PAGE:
Black Hole by Charles Burns

Title: Black Hole
Author: Charles Burns
Genre: Graphic novel / comics

Rating: 3.25 / 5

Goodreads | Powell’s

It’s September! And even though some people don’t think it’s officially fall until the equinox, I say that it’s fall enough to start reading scary books now. I was never a huge fan of fall growing up–winters were always long, dark, and snowy, and fall not only meant back to school but plunging temperatures. Now that I live somewhere where 110 degrees is not an uncommon summer temperature, though, you bet fall is about my favorite thing in the world! This year I started thinking about seasonal autumn reading in August so I would be ready to roll.

And Black Hole was my first “scary” book of the season! I decided to focus on graphic novels this year, for a few reasons:

1. They’re awesome.
2. I’m back in school with a somewhat heavy load, and graphic novels are not only quicker but a different way of reading than wordswordswords.
3. Interlibrary loan means I can read a bunch of graphic novels of my choice for free, something I will almost certainly not have the ability to do once I graduate and those privileges evaporate. Get it while you can!!!

But anyway… being the inaugural creepy-themed book, did Black Hole deliver on that front? I would say, mostly yes. With reviews saying things like, “I wouldn’t keep it in my bedroom,” “disturbing,” “disquieting,” and the like, I was expecting it to deliver a little more. I mean I decided to pick it up because it was on a couple of creepy graphic novel lists, one of which called it “horrifying.” I guess lots of things would seem pretty tame after all that hype! Or maybe I just don’t find stories like this all that scary.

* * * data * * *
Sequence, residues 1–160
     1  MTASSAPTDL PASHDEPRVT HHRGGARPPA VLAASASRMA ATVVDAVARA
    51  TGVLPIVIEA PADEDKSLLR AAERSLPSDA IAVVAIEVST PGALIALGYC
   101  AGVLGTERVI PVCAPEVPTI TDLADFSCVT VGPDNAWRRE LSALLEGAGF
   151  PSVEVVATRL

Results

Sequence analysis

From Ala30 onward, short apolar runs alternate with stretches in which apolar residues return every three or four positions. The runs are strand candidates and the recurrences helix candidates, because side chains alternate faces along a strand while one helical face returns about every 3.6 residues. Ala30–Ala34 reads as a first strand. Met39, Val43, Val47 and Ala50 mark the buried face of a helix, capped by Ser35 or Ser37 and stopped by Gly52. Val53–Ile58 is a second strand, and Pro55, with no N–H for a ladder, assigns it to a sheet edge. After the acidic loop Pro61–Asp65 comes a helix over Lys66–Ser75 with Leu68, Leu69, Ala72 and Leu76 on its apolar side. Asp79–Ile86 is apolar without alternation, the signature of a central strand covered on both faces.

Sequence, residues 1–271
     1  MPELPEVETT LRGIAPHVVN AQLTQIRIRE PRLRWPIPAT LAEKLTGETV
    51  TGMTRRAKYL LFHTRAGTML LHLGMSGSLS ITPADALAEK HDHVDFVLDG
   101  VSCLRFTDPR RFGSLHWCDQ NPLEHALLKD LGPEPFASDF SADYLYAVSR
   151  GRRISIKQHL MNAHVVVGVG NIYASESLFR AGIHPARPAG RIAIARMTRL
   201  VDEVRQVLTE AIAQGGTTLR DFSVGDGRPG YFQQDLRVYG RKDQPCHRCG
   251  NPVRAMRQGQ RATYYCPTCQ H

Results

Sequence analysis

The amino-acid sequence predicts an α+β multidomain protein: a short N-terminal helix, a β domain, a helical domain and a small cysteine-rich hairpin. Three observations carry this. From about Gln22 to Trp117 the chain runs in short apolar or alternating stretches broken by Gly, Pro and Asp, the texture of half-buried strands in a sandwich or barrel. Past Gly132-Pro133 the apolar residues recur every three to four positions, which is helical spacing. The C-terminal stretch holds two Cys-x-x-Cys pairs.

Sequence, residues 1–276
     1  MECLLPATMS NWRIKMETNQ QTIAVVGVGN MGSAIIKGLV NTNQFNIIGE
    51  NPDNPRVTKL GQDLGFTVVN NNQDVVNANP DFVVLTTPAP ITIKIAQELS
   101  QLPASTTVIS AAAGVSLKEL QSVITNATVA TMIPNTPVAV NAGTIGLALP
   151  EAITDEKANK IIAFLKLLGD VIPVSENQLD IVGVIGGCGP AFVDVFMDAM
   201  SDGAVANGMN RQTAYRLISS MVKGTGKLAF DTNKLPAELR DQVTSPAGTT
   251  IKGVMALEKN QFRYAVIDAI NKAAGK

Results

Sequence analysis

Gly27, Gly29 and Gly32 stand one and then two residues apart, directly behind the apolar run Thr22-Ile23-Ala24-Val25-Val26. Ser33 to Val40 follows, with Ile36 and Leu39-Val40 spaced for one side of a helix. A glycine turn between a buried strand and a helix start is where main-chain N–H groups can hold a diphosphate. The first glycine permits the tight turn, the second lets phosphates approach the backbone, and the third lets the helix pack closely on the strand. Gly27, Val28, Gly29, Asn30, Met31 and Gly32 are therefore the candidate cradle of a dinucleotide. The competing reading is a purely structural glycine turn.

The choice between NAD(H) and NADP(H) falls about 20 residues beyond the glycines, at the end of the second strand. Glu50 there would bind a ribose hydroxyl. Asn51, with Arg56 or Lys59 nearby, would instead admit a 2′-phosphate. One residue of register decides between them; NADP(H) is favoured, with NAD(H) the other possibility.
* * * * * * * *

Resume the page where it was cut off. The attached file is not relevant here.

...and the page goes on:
In any case, the art was very dark–whereas most comics seem to start with a white page and add black, it seems like Burns started with black and added white. It was an interesting effect, and while I can’t say it’s my favorite style, I did like it. Lots of nice clean lines, and I think it was well suited to this story and there were some really beautiful–as well as grotesque–panels in here.

I thought the story was pretty good. I found it fairly engrossing and finished it quickly. My biggest gripe with the book is the the moments that seem like they contain the most “horror” to me were moments like the two panels where one of the main characters, Keith, is going to the bathroom and overhears one of his friends with his girlfriend, who is telling him, “slow down…it doesn’t feel right” and “come on Dee… it kind of hurts… just slow down, ok?” while the friend, high on LSD, just ignores her. That was probably the creepiest moment of the book for me, and I’m not even sure how intentional it was. It seemed that it was just being used to heighten the unease of the main character, who already felt out of place. It didn’t really seem like a comment on male entitlement or unhealthy sex practices. Then again, [SPOILER] the murders in the book happen at the hand of a jealous and “romantically” entitled guy character, so maybe Burns was trying to say something about it after all.

I didn’t think this book was as deep/metaphorical or as disturbing as many other readers, but I did think it was a solid graphic novel–good story, good art, good execution, a mostly satisfying conclusion–and I think it worked really well for a creepy fall reading kick-off: room to get creepier, but still delivers on the creatures, the dark, the rainy nights and campfires, and an overall sense of unease.

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